Have you ever wondered how much a Steinway piano costs? The cost of a new 5’1″ Steinway S piano is $69,700. Larger Steinway pianos like the 9′ model D cost $171,000. Smaller Steinway pianos like model A, B, L, M and O cost between $74,300 – $129,000. Used Steinway pianos average 48% of the current MSRP prices.
Owning a Steinway is a common dream among most serious pianists. They are one of the most celebrated piano brands in the world. Whether it’s a new or used Steinway, it’s important to know what to look for when purchasing one of these instruments. Remember, you can always reach out to Steinway directly or visit a Steinway Showroom to get the most up to date pricing. Best Digital Piano For BeginnersPlay Video
Below I’ll share with you the latest pricing charts for these pianos, some helpful buying tips, and much more!
A Breakdown Of Steinway & Sons Grand Pianos
Steinway pianos are very expensive pianos, although not nearly as expensive as some of the luxury pianos from Fazioli or Bosendorfer. In addition to being one of the most recognizable piano brands in the world, Steinway pianos are also built extremely well.
Below is a complete Steinway piano prices chart for each of their models (including vertical pianos)
Steinway Piano Prices
|Upright & Grand Pianos||Price||Size|
|Model O||$83,000||5′ 10.5″|
|Model B||$109,000||6′ 10.5″|
|Model D||$171,000||8′ 11.75″|
An Updated List Of Steinway Piano Prices
Factors That Affect The Price Of Steinway Pianos
If you’ve ever been to a piano showroom or even shopped online for a Steinway piano, you might notice the prices vary greatly. This has a lot to do with the market. Even more so, the average price of a Steinway is greatly affected by the size of the piano and what materials are used in the finish.
The Piano Finish Affects The Price
For example, a Steinway D in a basic Polished ebony or Satin finish costs around $171,100. Now, compare that price to a new Steinway D made with a Mahogany finish that runs at $200,000.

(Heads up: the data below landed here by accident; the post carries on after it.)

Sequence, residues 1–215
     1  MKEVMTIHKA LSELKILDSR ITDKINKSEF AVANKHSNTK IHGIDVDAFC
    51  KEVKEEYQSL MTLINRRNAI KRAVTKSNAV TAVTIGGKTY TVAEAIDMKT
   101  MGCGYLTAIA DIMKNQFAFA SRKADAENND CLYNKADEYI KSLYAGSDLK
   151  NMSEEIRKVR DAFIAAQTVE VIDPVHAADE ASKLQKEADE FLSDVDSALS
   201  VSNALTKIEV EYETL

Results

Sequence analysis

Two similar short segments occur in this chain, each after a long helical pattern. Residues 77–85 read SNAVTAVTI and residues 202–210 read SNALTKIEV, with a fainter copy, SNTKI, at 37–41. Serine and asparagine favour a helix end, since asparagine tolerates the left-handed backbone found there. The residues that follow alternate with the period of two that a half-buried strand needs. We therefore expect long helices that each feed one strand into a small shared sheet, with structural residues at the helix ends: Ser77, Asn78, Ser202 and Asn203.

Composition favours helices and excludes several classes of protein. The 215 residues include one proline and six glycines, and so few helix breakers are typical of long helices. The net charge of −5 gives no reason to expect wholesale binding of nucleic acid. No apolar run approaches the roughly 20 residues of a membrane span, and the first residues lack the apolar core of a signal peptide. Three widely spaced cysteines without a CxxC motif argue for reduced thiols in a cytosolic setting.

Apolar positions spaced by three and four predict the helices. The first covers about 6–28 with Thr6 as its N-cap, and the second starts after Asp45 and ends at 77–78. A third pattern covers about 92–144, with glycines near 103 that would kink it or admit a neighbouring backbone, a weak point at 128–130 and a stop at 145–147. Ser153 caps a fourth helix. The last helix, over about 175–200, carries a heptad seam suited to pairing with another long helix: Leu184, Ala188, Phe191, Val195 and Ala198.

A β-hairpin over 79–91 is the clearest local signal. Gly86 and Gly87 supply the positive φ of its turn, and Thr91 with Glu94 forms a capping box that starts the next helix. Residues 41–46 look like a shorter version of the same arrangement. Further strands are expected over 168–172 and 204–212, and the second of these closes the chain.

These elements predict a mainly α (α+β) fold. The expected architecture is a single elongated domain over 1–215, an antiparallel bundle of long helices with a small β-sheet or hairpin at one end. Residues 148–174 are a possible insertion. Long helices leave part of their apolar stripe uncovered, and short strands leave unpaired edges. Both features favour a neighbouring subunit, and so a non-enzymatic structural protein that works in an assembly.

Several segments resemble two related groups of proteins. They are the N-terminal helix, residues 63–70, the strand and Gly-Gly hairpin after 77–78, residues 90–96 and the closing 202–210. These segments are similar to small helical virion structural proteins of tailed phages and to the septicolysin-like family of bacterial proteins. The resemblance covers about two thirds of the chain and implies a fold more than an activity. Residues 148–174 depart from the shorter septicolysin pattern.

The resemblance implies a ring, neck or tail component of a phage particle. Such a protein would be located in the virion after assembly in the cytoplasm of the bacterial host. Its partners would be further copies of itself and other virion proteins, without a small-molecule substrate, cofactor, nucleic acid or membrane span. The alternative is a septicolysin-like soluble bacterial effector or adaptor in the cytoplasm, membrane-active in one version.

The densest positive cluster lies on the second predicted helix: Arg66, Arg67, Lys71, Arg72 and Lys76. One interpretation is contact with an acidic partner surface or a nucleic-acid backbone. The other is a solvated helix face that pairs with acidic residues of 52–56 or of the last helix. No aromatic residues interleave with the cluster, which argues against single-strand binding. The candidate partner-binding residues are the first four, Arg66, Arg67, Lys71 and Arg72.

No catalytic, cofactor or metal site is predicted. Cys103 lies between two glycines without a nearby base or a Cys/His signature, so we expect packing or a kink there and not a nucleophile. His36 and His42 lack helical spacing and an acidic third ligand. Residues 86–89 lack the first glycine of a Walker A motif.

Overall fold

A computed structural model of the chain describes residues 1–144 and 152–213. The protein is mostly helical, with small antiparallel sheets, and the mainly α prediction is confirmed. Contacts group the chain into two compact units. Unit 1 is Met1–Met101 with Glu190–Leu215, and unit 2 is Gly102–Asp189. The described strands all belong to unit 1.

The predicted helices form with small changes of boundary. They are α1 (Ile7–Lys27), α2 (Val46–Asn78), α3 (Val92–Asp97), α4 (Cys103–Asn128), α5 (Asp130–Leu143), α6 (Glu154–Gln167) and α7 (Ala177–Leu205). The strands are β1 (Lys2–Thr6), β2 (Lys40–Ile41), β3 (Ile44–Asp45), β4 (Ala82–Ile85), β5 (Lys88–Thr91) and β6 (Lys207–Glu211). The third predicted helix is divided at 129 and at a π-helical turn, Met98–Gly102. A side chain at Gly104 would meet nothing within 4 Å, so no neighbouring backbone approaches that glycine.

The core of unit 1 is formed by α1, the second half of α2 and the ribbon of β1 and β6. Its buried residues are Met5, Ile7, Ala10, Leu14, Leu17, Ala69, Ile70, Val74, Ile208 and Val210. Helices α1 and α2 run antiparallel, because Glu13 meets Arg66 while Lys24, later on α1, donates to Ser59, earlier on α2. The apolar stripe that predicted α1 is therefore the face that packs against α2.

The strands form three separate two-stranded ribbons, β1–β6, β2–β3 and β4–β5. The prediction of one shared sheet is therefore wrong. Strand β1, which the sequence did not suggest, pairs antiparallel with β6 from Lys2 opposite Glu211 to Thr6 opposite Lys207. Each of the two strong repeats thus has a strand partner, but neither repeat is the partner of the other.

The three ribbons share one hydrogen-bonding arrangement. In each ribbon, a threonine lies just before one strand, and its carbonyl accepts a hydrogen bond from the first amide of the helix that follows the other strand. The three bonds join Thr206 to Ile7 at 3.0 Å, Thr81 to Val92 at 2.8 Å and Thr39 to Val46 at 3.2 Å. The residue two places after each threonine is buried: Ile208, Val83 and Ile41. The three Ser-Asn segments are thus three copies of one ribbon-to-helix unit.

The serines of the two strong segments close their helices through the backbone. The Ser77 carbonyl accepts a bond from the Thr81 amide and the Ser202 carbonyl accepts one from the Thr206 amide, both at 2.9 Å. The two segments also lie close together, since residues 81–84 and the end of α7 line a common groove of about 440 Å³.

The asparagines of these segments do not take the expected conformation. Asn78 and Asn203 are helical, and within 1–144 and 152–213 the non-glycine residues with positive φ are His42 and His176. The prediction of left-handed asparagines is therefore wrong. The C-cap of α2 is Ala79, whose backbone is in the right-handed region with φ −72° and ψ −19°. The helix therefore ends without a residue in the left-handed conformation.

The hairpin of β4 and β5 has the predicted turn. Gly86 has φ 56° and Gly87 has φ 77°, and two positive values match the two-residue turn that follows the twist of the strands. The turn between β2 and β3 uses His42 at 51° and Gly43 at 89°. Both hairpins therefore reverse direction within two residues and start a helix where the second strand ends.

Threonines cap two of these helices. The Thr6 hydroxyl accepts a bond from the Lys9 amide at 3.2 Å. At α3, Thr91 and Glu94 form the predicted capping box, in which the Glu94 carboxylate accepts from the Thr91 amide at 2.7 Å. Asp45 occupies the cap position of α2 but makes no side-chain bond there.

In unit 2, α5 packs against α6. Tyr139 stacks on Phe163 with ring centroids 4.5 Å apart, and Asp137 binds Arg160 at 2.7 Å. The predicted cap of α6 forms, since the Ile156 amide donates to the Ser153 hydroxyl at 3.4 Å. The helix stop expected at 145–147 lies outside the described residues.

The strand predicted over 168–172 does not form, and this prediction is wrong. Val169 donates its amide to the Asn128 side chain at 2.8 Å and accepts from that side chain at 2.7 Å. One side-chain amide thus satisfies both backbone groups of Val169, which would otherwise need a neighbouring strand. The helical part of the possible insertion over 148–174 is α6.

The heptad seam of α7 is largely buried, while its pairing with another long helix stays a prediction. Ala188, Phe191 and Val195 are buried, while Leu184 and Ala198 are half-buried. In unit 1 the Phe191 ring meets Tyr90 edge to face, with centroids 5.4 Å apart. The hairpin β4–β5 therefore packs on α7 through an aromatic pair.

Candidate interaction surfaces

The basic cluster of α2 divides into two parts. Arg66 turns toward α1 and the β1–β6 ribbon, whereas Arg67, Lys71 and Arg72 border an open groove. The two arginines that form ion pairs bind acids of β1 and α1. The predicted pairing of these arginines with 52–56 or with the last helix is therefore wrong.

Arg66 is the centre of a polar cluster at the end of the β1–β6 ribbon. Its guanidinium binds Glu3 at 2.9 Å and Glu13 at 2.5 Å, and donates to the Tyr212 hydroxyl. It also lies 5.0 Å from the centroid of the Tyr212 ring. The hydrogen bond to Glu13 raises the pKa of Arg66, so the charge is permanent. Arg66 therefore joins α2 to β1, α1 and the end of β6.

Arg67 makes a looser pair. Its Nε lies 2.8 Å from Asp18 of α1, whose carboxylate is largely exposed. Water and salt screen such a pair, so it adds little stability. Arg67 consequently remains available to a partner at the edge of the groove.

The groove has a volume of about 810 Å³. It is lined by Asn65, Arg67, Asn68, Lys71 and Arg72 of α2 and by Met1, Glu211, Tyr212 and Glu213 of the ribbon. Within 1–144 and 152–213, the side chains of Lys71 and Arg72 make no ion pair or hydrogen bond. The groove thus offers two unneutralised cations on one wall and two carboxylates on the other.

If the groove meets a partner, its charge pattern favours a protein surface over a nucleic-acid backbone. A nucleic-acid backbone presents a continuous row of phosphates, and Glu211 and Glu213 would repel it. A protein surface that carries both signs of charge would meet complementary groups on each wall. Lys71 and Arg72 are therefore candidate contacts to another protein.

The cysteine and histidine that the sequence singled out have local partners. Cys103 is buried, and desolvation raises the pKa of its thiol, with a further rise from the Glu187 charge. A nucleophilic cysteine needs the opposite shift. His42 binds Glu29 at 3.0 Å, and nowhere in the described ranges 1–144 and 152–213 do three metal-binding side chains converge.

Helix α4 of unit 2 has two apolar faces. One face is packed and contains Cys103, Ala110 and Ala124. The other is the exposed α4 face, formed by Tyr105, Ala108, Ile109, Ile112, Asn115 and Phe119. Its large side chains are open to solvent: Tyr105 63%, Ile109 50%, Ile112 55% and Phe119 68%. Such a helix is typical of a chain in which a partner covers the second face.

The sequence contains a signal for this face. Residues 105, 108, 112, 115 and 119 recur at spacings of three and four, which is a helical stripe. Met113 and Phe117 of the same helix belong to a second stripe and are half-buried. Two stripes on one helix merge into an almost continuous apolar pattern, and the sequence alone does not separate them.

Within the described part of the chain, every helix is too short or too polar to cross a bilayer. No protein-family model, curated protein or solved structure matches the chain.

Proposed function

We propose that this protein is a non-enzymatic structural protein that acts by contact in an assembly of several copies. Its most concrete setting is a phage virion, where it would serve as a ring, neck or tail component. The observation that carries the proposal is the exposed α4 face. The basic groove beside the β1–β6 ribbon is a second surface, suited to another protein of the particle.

There are even special models that come in unique finishes like polished white, finishes with unique engraving, encrusted precious stones, and much more. Some of the more unique and more expensive finishes include Indian Rosewood, Macassar Ebony, Dark Cherry, and Kewazinga Bubinga.
Generally speaking, custom or limited edition Steinway pianos are going to cost significantly more than a standard satin or ebony finish.
Bigger Pianos Cost More
Size really does play a part in the final price of a Steinway piano. The bigger the instrument, the more wood materials, action parts and labor required to build that piano. Bigger pianos provide much more tone, and aesthetically they look better.
Naturally, the price will be higher to accommodate for that. It already takes a long time to build a piano, so adding more size increases that time. This is not just the case for Steinway, but also for other piano dealers. Especially piano manufacturers like Bosendorfer and Stuart and Sons who make pianos as large as 10’3″ in length!
In some situations, smaller pianos may actually fetch a bigger price than the bigger ones. This has a lot to do with the condition of the piano, whether it’s a state of the art design, or even if it has Steinways Spirio technology built-in.
Pricing Based On The Current Market
The market has a great impact on new Steinways, but it’s actually more impactful on used Steinways. As the price of today’s Steinways increases, the price of a used Steinway will also increase.